The Black News Channel, the first 24-hour news channel aimed specifically at an African American audience, is set to launch on Feb. 10 to coincide with Black History Month.
Founded by former Rep. J.C. Watts, a Republican from Oklahoma, the network will premiere in 33 million households primarily in large African American markets such as New York City, Los Angeles and Atlanta.
Based in Tallahassee, Florida, BNC says it will produce television programming and digital content written and produced “by black people, for black people.”
BNC programming will feature all-black on-air talent like former libertarian radio host Larry Elder and will pull from historically black colleges and universities for much of its on-air expertise, according to Watts. The network will not be entirely black-run or owned, though: CEO Bob Brillante and COO Jim Zerwekh are both white.
Watts said the network will provide reliable and accurate nonpartisan coverage of issues that are often neglected by mainstream media outlets, like mass incarceration, but said it would also cover other areas from a black perspective, such as health and wellness.
Watts told NBC that planning for the network began more than 10 years ago. He said he knew then that there was market demand for a black news channel, and that his company’s research shows that demand still exists.
A 2018 Nielsen report found that MSNBC, the 24-hour news channel, was the most popular prime-time cable channel with African Americans. And according to a 2012 Niselsen study, 91 percent of African Americans believe that black-owned media is more relevant to them. With the BNC, Watts saw a chance to meet the growing demand for cable news among the African American community.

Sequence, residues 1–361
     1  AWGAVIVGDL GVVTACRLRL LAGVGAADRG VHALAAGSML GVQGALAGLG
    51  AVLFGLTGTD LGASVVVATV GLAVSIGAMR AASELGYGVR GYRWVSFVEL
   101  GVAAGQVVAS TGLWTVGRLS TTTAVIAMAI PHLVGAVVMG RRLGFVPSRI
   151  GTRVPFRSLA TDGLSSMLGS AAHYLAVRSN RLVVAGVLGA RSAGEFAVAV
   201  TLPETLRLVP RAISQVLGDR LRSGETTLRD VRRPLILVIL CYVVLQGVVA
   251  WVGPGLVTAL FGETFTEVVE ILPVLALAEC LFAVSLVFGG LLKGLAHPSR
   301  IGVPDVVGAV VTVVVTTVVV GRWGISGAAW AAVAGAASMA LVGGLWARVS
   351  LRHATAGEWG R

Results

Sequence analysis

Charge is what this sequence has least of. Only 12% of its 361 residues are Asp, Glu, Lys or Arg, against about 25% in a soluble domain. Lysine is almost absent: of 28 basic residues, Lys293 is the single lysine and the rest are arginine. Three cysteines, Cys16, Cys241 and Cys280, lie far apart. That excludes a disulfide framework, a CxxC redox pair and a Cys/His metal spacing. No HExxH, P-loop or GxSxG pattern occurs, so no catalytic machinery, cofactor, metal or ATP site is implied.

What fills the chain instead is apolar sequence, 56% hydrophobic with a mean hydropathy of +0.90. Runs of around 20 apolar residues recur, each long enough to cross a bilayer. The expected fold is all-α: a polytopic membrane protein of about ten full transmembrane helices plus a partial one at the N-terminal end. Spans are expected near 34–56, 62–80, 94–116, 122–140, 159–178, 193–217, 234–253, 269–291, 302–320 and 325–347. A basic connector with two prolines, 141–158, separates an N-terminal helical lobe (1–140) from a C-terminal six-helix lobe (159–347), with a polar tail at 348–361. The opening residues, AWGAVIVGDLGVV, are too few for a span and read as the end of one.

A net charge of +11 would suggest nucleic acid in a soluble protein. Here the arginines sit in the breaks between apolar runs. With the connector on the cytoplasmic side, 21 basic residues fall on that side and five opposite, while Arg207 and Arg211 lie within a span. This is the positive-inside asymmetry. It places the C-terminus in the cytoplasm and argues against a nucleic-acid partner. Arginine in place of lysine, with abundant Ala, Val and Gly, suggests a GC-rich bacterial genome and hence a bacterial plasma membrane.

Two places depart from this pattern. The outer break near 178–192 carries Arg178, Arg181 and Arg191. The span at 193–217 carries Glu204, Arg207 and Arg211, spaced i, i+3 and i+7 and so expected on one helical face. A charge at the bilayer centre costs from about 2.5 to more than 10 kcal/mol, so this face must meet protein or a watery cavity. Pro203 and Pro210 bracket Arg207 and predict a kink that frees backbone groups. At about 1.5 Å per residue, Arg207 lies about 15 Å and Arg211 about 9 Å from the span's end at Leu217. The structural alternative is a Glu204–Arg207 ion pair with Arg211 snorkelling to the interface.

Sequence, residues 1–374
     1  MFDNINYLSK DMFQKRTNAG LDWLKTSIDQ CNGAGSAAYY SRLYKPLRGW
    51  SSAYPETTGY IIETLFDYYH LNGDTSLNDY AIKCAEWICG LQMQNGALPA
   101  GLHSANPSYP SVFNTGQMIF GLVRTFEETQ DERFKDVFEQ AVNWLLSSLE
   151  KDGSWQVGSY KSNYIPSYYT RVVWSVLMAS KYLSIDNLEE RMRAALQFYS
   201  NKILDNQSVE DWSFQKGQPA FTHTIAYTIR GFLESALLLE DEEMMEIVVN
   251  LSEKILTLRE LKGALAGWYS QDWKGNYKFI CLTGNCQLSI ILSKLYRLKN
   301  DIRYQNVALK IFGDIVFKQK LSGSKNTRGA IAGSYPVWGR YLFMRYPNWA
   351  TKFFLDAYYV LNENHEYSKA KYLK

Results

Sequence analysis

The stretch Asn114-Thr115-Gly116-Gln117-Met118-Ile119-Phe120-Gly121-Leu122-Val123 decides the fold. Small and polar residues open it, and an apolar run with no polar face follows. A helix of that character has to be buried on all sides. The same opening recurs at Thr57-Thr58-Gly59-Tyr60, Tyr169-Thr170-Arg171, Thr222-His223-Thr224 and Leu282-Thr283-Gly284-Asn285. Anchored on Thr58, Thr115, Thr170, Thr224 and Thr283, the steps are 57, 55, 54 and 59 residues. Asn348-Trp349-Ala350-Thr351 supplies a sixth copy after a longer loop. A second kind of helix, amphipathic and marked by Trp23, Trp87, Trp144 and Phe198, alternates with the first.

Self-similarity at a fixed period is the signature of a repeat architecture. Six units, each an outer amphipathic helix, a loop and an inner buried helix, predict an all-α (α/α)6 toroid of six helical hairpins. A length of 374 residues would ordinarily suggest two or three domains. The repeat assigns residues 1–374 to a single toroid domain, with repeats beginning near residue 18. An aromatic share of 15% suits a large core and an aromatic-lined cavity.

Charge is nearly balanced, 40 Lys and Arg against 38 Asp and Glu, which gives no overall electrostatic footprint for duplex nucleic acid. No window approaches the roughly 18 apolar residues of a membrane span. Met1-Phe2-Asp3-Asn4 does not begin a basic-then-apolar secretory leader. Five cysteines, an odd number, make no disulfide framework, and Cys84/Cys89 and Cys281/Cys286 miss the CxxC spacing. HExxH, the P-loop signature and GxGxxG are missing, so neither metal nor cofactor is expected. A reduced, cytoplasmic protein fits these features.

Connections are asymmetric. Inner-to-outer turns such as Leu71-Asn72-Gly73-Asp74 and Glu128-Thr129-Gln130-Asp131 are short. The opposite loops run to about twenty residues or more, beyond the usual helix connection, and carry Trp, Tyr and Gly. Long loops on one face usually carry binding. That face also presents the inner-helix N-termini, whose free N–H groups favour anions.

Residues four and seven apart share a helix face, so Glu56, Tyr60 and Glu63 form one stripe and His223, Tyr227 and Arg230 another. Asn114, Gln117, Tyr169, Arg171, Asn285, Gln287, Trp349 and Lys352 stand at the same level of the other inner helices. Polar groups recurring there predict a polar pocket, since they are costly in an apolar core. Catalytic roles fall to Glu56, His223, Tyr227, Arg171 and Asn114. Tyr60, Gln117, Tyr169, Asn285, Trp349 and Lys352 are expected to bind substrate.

“Today, information is so targeted to groups,” Watts said. “Every demographic out there has a venue that they can access for news information, culture, wellness, etc. Except for the African American community.”
The channel will partner with the National Newspaper Publishers Association, a trade association made up of over 200 African American-owned community newspapers across the country. The association’s president, Benjamin Chavis, told NBC that the association would act as a system of national bureaus, and much of BNC’s news coverage would build on reporting done by NNPA members at a local level.
According to Chavis, the association would benefit from the BNC’s distribution network and digital advertising revenue. He added that he believes in BNC’s mission, and is excited that the newspaper publishers association will be a part of it.
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SOURCE: NBC News, Liam Knox